“I’m somewhat self-aware -- not in a lot of areas, but in some areas, I am. I’m self-aware enough in this area to know that, after a while, I need a new challenge.”

What might that challenge be? It appears that it won’t involve running another organization for at least a year. Epstein has said that becoming part of an ownership group at some point is appealing to him, though that possibility doesn’t seem to be in his immediate future.

“It can seem so unattainable that I haven’t been realistic about it yet,” Epstein said.

Citing the work that the Ricketts family has done in Chicago and the impact that John Henry and Tom Werner’s ownership group has had in Boston, Epstein spoke admiringly about the influence a baseball team’s ownership can have on a city.

"Team owners can be transformed into forces for civic good and help a lot of people, be involved in a lot of the important conversations in the city and be a solution for a lot of issues in cities,” Epstein said. “That does appeal to me. A lot of things would have to go right for that to happen. Usually, for that type of thing to happen, you need access to a lot of capital. You need to have pretty good proximity to those types of transactions, you need to be able to single-handedly transform a baseball organization. Who knows? Maybe I have plans for some of those things down the line, but a lot would have to go right for that to happen. That would be a great role.”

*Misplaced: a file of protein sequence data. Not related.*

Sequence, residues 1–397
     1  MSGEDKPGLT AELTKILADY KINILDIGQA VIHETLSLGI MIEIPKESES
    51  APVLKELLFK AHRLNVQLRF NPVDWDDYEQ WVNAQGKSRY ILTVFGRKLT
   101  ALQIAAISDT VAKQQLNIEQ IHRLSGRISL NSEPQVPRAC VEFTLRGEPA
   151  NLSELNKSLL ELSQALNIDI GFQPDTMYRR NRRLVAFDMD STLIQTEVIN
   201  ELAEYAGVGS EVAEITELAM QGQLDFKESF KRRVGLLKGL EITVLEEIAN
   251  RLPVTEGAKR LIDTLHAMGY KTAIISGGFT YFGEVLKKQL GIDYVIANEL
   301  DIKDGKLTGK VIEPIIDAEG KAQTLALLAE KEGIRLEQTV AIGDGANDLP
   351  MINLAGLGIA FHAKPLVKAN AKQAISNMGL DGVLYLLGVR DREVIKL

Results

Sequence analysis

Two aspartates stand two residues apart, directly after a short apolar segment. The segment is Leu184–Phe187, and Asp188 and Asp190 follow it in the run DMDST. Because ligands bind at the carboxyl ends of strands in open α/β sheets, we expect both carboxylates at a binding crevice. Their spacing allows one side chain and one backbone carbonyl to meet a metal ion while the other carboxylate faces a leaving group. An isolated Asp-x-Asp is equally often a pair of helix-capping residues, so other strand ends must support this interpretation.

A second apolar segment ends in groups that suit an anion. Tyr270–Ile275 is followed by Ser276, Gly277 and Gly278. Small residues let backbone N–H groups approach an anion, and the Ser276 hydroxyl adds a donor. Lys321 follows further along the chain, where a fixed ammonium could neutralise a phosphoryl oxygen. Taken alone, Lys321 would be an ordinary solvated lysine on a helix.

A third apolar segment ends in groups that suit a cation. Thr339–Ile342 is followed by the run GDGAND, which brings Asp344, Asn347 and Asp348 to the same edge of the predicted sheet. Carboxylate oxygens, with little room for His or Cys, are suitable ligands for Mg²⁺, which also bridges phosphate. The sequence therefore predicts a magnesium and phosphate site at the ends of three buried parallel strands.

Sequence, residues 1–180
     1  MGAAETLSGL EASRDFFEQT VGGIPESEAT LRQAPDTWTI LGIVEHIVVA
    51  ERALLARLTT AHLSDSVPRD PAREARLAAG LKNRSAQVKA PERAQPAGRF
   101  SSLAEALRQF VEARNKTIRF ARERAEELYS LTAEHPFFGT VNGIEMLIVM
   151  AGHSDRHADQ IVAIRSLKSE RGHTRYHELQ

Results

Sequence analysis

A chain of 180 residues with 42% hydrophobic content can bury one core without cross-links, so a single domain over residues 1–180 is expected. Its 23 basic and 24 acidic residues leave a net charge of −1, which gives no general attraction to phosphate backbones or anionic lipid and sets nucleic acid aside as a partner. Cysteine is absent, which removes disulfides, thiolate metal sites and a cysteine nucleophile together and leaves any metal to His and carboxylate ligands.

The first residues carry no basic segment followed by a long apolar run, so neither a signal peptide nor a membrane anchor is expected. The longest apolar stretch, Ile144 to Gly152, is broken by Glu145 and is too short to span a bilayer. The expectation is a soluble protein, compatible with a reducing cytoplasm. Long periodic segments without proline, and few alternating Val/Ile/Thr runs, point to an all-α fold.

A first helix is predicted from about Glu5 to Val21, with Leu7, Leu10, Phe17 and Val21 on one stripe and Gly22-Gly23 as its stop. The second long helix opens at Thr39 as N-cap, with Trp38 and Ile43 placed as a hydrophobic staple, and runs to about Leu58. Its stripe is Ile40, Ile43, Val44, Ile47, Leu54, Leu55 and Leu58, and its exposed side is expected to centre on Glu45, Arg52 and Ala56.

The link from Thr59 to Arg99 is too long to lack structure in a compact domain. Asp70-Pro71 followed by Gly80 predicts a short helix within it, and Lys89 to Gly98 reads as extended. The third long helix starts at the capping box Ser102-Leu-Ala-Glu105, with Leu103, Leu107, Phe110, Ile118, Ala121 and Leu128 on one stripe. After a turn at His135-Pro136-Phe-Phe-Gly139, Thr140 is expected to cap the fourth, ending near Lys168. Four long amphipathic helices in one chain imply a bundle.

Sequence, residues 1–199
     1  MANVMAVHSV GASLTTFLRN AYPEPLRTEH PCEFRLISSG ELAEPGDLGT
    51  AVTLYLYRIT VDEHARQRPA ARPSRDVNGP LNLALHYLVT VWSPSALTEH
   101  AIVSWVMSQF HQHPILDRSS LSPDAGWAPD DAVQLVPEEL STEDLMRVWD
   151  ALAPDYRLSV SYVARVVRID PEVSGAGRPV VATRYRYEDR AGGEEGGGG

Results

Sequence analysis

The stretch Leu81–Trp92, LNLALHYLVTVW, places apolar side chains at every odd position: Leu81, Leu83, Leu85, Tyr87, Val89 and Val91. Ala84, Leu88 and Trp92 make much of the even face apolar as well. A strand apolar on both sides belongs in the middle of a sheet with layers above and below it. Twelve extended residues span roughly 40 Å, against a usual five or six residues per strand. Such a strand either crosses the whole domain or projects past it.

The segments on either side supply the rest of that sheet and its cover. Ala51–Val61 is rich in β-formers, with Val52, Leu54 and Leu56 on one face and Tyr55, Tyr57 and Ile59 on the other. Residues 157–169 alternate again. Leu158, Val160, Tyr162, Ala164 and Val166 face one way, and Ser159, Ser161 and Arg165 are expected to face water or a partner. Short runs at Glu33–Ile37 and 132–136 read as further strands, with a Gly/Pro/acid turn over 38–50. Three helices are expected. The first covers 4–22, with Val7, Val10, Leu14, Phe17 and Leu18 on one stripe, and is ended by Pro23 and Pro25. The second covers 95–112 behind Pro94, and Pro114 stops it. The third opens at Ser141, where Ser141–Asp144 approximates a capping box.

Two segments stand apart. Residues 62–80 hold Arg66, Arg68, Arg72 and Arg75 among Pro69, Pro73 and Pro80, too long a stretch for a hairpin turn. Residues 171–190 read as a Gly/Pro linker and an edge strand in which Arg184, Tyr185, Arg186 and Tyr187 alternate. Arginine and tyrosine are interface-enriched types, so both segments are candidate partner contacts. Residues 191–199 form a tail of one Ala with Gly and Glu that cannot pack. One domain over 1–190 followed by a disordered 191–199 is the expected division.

In the short term, Epstein hopes to stay engaged with the game and help “as best I can.” While he hasn’t had any official discussions with MLB about a role in the Commissioner’s Office, he said he's had ongoing conversations through the years with Commissioner Rob Manfred and other top executives at the league office, including Dan Halem, Morgan Sword and Chris Marinak.

“I’m happiest when baseball drives the sports conversation in this country and is atop the perch as the true national pastime, hands down, no questions asked,” Epstein said. “There are a lot of threats to that with everything going on in the world and industry issues that we face over the next year or so. Now that I’m not with a team and I’m outside, maybe there’s some way I can help or be of assistance. I’m going to stay in the game in one form or another, short term and long term. I’m confident of that.”

One potential career path that Epstein will definitely not be pursuing? Running for public office.

“I’m not sure why anyone would inflict that upon themselves or their family,” Epstein said. “Policy is interesting to me; politics, not so much. I think there are ways to impact the world around us without necessarily diving into those political waters. Maybe I’ll be lucky enough to have a chance to do that in some form or another.”

While Epstein spends the coming months figuring out his next step won’t be using that time to document his journey to this point. Asked whether he plans to write a book, he quickly slammed the door on that idea.

“No plans to do that,” Epstein said with a laugh. “That’s for old people -- and great former presidents.”

Mark Feinsand, an executive reporter, originally joined as a reporter in 2001.